BMO Global Smaller Companies 11 November 2020
Disclosure – Non-Independent Marketing Communication
This is a non-independent marketing communication commissioned by Global Smaller Companies. The report has not been prepared in accordance with legal requirements designed to promote the independence of investment research and is not subject to any prohibition on the dealing ahead of the dissemination of investment research.
BGSC’s objective is to invest in smaller companies worldwide in order to secure a high total return
Source: JPMorgan Cazenove, The AIC
BMO Global Smaller Companies Trust
BMO Global Asset Management
Association of Investment Companies (AIC) Sector
Global Smaller Companies
12 Mo Yield
Dividend Distribution Frequency
Latest Market Capitalisation
Latest Net Gearing (Cum Fair)
Latest Ongoing Charge Ex Perf Fee
(Discount)/ Premium (Cum Fair)
Daily Closing Price
BMO Global Smaller Companies Trust (BGSC) offers its investors a balanced and well-resourced approach to global smaller company investing. Under the management of Peter Ewins, the strategy invests in a manner that has not only helped the trust outperform its benchmark over the long term, but has done so in a risk-conscious way.
The investment process (outlined in the Portfolio section) does not follow any single approach to valuation and analysis, but rather leverages the broader smaller companies team at BMO, which consists of both analysts and small-cap fund managers. Each potential investment, which can be identified by any member, is debated by the wider team. It is through this wider group discourse that the portfolio is constructed. Peter also makes use of externally managed collective investments for Japan and the emerging markets, such as open- and closed-ended funds, leveraging members of BMO’s multi-asset and multi-manager teams to aid in identifying external managers.
As discussed in the Performance section, BGSC has generated a NAV return of 196.6% over ten years versus the benchmark’s return of 158%, and in doing so has fulfilled its primary objective. The trust is also one of The AIC’s ‘dividend heroes’, having consistently grown its dividend each year for the last 50 years, and currently yields 1.9%. The board operates an active approach to share buybacks, and BGSC has historically traded at a premium. However, BGSC now trades at an 9.0% discount, which Peter believes to be partly a result of the recent broader small-cap sell-off in combination with lower retail demand for the shares.
BGSC takes an interesting approach to small-cap investing. Rather than having a single transferable approach to analysis or being a one-man-band stock-picker, it utilises a collaborative process between members of the BMO global small-cap team. With this comes a wealth of experience and knowledge, considering that nearly all of the small-cap team are fund managers themselves. We believe this wealth of resources is a key selling point of BGSC, as well as dividend growth and a track record of outperformance versus its benchmark.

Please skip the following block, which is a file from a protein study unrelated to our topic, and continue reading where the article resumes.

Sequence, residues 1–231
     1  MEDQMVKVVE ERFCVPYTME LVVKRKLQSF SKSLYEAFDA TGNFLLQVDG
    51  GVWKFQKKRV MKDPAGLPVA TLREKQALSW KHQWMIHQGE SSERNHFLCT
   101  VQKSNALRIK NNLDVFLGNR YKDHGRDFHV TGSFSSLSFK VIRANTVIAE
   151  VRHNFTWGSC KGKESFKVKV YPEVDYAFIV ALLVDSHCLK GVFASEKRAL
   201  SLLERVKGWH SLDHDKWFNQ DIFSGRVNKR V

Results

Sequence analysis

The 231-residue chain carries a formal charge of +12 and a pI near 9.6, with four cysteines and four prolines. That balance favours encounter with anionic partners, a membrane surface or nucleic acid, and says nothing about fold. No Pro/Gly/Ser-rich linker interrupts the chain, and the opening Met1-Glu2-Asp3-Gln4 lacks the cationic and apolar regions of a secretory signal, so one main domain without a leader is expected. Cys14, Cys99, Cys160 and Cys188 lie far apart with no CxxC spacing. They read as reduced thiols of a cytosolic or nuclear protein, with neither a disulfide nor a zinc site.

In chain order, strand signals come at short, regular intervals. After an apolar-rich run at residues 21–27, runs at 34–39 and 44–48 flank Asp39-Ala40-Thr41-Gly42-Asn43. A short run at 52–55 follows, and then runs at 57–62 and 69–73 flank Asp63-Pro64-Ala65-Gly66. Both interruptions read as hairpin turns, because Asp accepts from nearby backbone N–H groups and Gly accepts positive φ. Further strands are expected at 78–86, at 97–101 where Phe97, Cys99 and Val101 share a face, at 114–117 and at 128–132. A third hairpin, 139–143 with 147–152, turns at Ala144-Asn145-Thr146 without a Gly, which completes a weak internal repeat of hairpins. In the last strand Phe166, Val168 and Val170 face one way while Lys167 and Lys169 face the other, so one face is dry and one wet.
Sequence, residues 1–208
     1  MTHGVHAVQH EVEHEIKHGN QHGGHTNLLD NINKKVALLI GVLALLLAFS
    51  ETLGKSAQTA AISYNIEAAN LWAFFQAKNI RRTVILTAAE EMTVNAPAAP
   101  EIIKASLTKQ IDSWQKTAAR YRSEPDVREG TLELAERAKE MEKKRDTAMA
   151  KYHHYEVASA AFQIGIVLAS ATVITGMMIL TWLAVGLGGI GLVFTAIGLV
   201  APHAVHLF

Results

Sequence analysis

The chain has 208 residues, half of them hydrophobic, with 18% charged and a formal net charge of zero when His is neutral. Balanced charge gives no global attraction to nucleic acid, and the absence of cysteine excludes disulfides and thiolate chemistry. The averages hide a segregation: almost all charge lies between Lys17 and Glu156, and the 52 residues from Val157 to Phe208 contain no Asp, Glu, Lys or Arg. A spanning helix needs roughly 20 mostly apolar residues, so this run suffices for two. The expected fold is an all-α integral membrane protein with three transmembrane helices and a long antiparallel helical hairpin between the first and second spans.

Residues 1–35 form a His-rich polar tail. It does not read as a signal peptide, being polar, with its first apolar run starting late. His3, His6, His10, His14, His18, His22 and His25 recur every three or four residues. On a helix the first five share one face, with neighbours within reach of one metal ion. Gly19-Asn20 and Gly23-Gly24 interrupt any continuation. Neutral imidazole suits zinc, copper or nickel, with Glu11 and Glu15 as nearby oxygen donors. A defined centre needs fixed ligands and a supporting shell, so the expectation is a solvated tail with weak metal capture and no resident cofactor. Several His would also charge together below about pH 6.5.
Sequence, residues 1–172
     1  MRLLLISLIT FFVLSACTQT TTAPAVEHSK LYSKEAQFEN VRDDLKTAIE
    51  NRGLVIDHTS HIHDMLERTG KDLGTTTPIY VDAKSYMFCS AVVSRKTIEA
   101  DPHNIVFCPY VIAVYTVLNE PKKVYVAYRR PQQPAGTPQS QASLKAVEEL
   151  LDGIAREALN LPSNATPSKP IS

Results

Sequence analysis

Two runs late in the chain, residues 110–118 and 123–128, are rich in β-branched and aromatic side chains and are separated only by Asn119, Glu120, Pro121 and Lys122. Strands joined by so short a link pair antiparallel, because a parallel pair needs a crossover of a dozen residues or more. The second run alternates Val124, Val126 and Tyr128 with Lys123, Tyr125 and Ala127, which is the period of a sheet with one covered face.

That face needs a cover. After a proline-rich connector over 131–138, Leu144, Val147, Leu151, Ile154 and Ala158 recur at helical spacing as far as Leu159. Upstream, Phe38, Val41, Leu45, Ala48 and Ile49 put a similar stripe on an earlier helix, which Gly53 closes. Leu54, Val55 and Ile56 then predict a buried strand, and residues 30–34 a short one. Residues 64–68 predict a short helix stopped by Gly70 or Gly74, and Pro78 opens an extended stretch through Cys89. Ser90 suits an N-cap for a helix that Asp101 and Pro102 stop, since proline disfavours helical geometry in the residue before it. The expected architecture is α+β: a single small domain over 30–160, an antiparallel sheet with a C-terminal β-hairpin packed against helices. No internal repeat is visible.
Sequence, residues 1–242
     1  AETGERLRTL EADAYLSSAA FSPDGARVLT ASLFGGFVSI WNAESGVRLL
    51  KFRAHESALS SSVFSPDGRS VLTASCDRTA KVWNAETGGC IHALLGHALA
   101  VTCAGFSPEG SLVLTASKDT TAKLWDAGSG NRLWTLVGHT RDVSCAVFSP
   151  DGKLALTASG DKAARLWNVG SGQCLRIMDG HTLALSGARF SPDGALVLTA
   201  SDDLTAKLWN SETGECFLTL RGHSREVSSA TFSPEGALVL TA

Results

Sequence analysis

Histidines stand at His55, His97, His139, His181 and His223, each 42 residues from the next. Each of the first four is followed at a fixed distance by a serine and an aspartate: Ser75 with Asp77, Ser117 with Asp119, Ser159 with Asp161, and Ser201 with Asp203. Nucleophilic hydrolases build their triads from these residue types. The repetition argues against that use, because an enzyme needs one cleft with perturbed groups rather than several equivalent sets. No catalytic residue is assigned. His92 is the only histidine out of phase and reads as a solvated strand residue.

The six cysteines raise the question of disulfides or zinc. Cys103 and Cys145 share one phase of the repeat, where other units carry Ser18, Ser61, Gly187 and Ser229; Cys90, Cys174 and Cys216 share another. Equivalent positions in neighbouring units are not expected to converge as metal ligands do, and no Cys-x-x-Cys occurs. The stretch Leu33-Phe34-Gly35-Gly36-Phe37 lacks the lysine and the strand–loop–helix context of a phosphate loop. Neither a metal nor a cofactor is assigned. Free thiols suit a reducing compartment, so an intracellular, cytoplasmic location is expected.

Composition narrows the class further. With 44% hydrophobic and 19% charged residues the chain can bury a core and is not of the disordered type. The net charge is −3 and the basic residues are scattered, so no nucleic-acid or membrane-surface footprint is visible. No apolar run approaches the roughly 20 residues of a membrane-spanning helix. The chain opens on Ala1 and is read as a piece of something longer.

We think this approach is valuable when investing in global small caps. The universe is vast and idiosyncratic, and without a skilled team no manager can truly cover it. The portfolio is also diverse: although it is best characterised as ‘quality growth’, it has many defensive elements, as Peter seeks to balance the risks he is exposed to. It should be noted that when compared to the MSCI World Small Cap Index, BGSC has a relative structural bias to the UK, and away from the US, which has dominated recent returns. However, all trends eventually reverse, and after a period of UK underperformance and US outperformance it could be time to look to pick up cheap exposure to the UK. While it has traded at a small premium at times of greater risk appetite, BGSC now trades at a discount, which may present an attractive entry point – especially if a UK recovery comes.
|Has delivered on goal of long-term capital growth||Investment prudence means it could miss out on a growth rally|
|Leverages highly skilled team of analysts and fund managers||Relies on external managers for some regions, which adds additional manager risk|
|Wide discount relative to history at present creates a potential entry point||Challenging environment for small caps and the UK given the current recession|